Atlanta’s Jennifer Zuiff, more commonly known by her stage name of Indee Killed the Pop Star, gears up for her debut EP release show Thursday at Aisle 5. The release show will feature new songs from her EP The Climb, as well as music from artists Lazuli Vane and Ansley Fain. “The show involves all the people that I absolutely love and adore,” says Zuiff. “I’ve never done something this big, and I’m doing it DIY, so it feels really good.”
Growing up around classical music influences, Zuiff spent her early career training to sing opera. After a vocal injury at age 19, her career took a stylistic shift as she began to experiment with new genres and sounds. Through her vast vocal range, dreamy tone and mission to heal through music, Indee Killed the Pop Star was born and has since been a prominent vocalist in Atlanta.
Zuiff borrows elements of classical, folk, indie and dream-pop music to complement her haunting tone. ArtsATL sat down with Zuiff to learn more about her path to creating an individual sound and her intentions behind her upcoming EP.
ArtsATL: You started singing opera at a very young age. Tell me more about that.
Jennifer Zuiff: My mom is a concert pianist, and she studied in Russia. We all come from a musical family, so it’s in our lineage. I grew up listening to her play the piano and teach students, so that’s basically where it started. I think the opera is still there — there’s classical harmony in my sound; I don’t think that’s ever going to go away. Have I changed a lot? Yes — with vocal injury, it’s given me a new tone, a new sound. I’m always into new kinds of genres and exploring in all kinds of ways. I think [my music] is constantly changing, but I do think that operatic sound is still there, and people still comment on it to this day.
ArtsATL: Given that you are influenced by so many genres, how would you describe your sound to someone?
Zuiff: The Climb is an amalgamation of a bunch of songs that I wrote in my twenties with no relation to each other. It’s not a concept album, but it kind of became one. I called it The Climb because the DIY life was such a struggle, learning how to be a person and function through anxiety and depression and still be an artist while pursuing my dreams. All those songs came from the struggle. It finally feels like it’s coming to an end and things are really happening, I’m in a really good place right now. The sound is kind of all over the place, but it’s me finding my sound. A lot of people tell me the thing that ties it all together is my vocal tone. I’ve always been super influenced by ’90s music, so you probably hear a little bit of that mixed with my classical sound, folk, indie and dream pop.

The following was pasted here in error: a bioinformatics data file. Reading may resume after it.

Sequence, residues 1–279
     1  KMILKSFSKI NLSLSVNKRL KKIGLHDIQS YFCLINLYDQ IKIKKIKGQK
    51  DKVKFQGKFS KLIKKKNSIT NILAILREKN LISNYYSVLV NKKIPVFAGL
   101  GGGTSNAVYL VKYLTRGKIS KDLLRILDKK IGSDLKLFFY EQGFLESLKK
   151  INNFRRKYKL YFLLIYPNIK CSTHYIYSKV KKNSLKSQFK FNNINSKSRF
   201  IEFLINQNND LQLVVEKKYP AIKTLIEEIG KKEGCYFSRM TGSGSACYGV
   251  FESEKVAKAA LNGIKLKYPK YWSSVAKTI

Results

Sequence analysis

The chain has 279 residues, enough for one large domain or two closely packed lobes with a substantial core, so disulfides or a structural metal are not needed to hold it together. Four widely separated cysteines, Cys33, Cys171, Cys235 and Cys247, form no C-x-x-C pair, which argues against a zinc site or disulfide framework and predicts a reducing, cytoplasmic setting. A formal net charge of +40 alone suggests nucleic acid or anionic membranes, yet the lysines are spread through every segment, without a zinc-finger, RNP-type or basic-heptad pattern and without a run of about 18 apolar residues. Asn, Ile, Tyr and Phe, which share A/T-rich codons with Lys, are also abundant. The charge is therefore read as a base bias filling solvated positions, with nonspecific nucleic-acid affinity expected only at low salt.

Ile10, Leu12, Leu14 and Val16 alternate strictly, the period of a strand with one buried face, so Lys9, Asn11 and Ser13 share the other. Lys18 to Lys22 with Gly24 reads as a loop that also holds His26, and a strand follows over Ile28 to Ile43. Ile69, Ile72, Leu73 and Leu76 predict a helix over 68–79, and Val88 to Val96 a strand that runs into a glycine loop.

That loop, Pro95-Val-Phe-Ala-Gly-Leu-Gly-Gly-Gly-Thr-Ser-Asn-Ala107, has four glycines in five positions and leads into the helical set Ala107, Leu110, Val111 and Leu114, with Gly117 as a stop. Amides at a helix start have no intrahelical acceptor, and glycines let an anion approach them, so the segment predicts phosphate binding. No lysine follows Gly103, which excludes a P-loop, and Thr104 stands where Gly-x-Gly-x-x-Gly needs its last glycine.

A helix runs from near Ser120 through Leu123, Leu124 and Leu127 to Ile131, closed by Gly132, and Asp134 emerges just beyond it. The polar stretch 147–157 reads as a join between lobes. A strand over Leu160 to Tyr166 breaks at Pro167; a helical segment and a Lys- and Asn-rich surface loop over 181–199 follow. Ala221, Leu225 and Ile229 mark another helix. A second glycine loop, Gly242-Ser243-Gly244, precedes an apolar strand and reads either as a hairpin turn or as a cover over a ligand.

ArtsATL: What is your favorite part about being a musician?
Zuiff: I’ve tried to do other things, and what always happens is that I wake up and I’m so depressed when I decide to do something else and quit music — I’ve quit music several times. I know that I have to do this. When I start music again, I get that reaction from people like “that really inspired me” or “I really needed to hear your song today.” It feels good to put out positive vibes into a world that we need more positivity in. I feel very lucky that I’ve decided to put myself into that position to use music for good. There’s no other reward. I’m not doing this for the money — I do this because I feel a greater calling that is unexplainable.
ArtsATL: Tell me about The Climb. What can we expect?
Zuiff: The Climb is five songs — one of them is “Colors.” We did a remix of it to match the record. The EP took a really long time to make — it took four years. Chelsea Shag is playing the guitar part in “California,” and then my former student, Olivia Knight, is on “Coolest Kid.” She wrote the second verse. The songs are about love; they’re about inspiration. It’s a healing record — in a hip way.
ArtsATL: How do you feel your music can influence your audience?
Zuiff: I think it depends on the person and what they need. I hope that my music can bring whatever a person needs because I think everyone is going through their own journey and their own struggles. Whether it’s people who struggle with first-world problems or financial things who just need a little encouragement. I can’t physically go out and hold people’s hands and help, but my intention and my hope is that this music, my voice and my presence in the world as Indee will help.